Why use a practitioner for EFT?

Here are two articles about using a practitioner for your tapping needs. The first one is from us and the second is from another great EFT’er… Gene Monterastelli. Enjoy!

Stuffbusters take on this...

At Stuff Busters we are sometimes asked why people would go to a practitioner when EFT is such an effective self help tool. What is the need for a practitioner? Why spend the money? Here are some thoughts on this:

 

Primarily, we see our roles to be that of facilitators for healing work to take place, to hold a safe space for our clients to work.

 

EFT is indeed an amazing and effective self help tool and it is possible to get extraordinary change with even the most basic knowledge and little or no understanding of the ‘science’ and thinking behind it.

 

However, there are times when EFT doesn’t seem to work, you just get nowhere. This is where the practitioner comes in, when you are stuck.

 

It is human nature not to ‘go there’ if ‘there’ is deemed too uncomfortable, either consciously or unconsciously. Some of us are masters at distraction – those times when the housework or that pile of ironing suddenly become of utmost importance and just have to be done. Anything to avoid the issues we know at some level we need to be working with/looking at. I know – I used to be the expert in this! I had the immaculate house, ironed children etc, but there was no way I was going to scratch below the surface. We all know people like that!

 

As human beings we are well used to suppressing our negative thoughts and emotions: the stiff upper lip: our skill at ignoring negative emotions and braving our way through life deluding ourselves and others that everything is OK. The most usual response to ‘How are you?’ is ‘Fine’. How often is that the truth? EFT is all about being in your truth.

 

But why should we acknowledge the negative stuff, as we do in the EFT set up statement? Why not push it away? The answer is that pushing it away does not work in the long term; it is a temporary measure, a band aid approach. At some point the unconscious mind will draw our attention to it in some other way, whether through physical aches and pains, depression, anxiety or other emotional states. With EFT we have ways of carefully resolving and changing the overall symptoms – using Gary’s table top metaphor, systematically and relatively painlessly removing the supporting legs. And we can often do this for ourselves – but getting started can seem overwhelming.

 

At some point the unconscious defences leak – something happens and we are forced to confront our reality. This is where the therapist comes in – to create a strategy for you the client, a path for you to take, to clarify and simplify your work and to support and guide you with it as necessary.

 

I see the role of the therapist as being able to hold a safe space for the client to explore areas that their unconscious mind may not allow them to access on their own.

 

I am often asked about ‘one minute wonders’ and my response is that those are often the clients who never get to the therapist’s door, those who give EFT a go for themselves and get the results ‘fantastic’ that is the essence of EFT. The more complex cases that tend to seek out the EFT practitioner are unlikely to be that straightforward, although they do happen.

 

The role of the practitioner is to be there when the home tapping comes up against a block, to be the detective, use language skills to creatively assist the client to unearth their core issues and beliefs – to question them in ways they wouldn’t think of doing for themselves. I believe that the creative language and questioning skills of the practitioner are invaluable in allowing the process to flow smoothly. Our role is also to keep you the client focussed – to be a kind but firm guide to your process – to gently help you focus and resolve your issues in a supportive and comfortable environment – to keep you not just on track, but moving forwards. Remember,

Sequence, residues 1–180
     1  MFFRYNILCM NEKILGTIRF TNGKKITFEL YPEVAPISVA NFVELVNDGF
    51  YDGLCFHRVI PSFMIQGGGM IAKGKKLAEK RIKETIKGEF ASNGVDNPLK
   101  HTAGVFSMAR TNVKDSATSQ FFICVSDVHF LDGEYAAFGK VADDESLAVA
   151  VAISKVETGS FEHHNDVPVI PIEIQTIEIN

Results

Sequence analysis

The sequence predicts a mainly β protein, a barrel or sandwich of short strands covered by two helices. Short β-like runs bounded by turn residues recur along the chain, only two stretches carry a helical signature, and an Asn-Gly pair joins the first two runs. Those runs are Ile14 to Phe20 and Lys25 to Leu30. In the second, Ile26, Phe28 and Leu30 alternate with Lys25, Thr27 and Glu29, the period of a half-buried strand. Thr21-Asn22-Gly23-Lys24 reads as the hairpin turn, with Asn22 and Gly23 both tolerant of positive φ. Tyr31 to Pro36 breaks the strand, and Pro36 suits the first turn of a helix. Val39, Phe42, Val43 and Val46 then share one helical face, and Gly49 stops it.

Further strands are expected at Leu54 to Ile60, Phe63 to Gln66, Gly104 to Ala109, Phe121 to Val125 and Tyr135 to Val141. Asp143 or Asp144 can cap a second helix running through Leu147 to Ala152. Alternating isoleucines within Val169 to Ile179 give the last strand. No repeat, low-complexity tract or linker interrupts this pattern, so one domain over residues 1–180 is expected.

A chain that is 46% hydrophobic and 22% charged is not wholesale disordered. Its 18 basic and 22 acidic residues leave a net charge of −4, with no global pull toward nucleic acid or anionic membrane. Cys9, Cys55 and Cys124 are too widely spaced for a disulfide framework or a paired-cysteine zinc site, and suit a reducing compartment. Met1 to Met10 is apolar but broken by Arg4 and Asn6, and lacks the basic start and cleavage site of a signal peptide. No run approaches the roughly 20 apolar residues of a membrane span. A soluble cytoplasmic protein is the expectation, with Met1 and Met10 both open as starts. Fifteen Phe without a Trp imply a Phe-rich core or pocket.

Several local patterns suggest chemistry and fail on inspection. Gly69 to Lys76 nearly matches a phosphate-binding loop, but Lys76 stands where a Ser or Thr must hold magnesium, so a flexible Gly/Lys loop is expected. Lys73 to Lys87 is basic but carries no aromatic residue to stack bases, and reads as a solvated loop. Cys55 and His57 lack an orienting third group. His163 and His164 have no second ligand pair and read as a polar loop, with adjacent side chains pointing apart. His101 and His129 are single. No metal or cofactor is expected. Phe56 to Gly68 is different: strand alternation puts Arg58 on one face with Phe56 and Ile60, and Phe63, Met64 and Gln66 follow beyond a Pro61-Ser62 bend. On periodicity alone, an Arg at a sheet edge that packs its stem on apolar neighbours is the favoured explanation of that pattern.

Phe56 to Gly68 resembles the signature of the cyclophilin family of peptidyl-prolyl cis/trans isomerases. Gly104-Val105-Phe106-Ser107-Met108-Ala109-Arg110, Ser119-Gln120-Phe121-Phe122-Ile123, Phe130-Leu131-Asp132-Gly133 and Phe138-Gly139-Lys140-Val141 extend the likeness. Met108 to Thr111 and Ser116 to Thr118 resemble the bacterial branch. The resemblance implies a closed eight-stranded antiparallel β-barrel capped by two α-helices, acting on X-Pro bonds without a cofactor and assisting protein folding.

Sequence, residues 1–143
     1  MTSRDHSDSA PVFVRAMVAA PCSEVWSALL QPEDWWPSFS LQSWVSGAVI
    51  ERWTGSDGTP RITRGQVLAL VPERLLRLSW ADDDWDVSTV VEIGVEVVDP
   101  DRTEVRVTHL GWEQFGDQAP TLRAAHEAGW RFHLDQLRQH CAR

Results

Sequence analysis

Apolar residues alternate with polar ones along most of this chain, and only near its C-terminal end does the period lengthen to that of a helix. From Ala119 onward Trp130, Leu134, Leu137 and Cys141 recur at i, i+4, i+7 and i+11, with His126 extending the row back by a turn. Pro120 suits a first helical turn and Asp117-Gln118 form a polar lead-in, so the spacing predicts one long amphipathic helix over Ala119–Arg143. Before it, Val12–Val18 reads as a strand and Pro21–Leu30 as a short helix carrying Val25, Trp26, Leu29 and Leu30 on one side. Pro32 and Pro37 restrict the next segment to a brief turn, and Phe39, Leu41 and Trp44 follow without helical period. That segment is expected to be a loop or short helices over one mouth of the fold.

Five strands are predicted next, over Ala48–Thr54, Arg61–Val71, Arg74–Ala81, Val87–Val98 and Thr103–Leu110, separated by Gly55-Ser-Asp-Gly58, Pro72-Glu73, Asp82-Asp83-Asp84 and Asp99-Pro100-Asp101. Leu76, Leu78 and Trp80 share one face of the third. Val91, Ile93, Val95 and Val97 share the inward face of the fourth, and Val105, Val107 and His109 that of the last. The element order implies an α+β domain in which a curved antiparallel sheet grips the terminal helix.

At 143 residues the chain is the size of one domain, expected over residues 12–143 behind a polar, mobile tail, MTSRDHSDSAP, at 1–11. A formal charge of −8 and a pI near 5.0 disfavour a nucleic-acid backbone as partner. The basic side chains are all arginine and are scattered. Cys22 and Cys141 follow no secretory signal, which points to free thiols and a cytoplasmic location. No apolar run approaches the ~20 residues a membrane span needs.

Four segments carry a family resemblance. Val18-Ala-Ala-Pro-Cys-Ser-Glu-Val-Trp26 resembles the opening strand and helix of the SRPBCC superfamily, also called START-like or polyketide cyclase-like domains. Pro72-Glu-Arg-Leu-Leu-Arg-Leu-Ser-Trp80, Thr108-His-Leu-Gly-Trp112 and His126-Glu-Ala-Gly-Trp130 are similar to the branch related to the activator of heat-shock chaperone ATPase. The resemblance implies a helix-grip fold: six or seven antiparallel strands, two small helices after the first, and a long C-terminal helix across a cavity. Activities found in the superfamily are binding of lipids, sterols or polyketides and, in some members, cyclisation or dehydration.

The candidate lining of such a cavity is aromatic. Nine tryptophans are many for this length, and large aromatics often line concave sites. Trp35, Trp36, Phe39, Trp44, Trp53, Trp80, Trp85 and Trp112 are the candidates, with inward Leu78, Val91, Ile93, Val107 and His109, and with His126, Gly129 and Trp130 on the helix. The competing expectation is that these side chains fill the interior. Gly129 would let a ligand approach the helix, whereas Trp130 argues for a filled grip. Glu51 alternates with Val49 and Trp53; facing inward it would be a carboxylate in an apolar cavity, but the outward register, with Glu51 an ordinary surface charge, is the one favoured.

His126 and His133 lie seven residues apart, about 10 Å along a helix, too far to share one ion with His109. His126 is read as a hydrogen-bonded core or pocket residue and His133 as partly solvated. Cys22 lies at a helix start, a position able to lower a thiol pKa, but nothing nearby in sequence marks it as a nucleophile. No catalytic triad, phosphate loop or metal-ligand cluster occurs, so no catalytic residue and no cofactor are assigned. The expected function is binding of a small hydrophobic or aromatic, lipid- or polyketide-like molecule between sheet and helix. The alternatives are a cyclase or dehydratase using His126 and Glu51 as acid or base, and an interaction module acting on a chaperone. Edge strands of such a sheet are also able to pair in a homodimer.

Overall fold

‘Even if you are on the right track, you’ll get run over if you just sit there’.

 

So: we support people as they move along their track, being a clear channel for the work to happen – being aware when they head off track and pulling them gently back, looking for those patterns, helping them examine them and gain new insights and perspectives.

 

EFT seems to be a fast track to cognitive shifts and insights, much of which happens in our work on our own. Acknowledging these changes to ourselves can be difficult. Often we won’t notice them ourselves and it will take our family, friends or colleagues to point them out. A skilled practitioner will be able to bring these shifts into conscious awareness as they happen.

 

Self sabotage and getting in our own way can make it seem like EFT doesn’t work. Psychological Reversal comes and goes, and again the more advanced language patterns and creativity of the EFT practitioner can be invaluable in bypassing these unconscious defences.

 

Another role of the practitioner is reframing – offering you a different perspective on your issue, again through creative use of language. This can be the pivotal point at which the entire issue collapses, but is very much dependent on skill and timing. Even the most proficient reframer can experience difficulties getting the reframe to ‘land’ when working on their own issue. Psychological Reversal may keep you resistant to accepting your own words. And, ill timed reframes will at best throw up a load of tail-enders.

 

In conclusion, I see the role of an EFT practitioner not as someone who ‘fixes’ the client, but as someone who is an equal part of a healing team. The work we do together resembles a dance, flowing rhythmically and smoothly.

Gene's take on this...

I recently received this e-mail from one of my readers. “Why should I work with you instead of some other practitioner? And really why should I hire someone anyway because there are so may free resources on line?”

 

I e-mailed back explaining that I have found working with someone else to be very beneficial even for someone like me who regularly works with clients. Here are the four reasons why I work with a practitioner: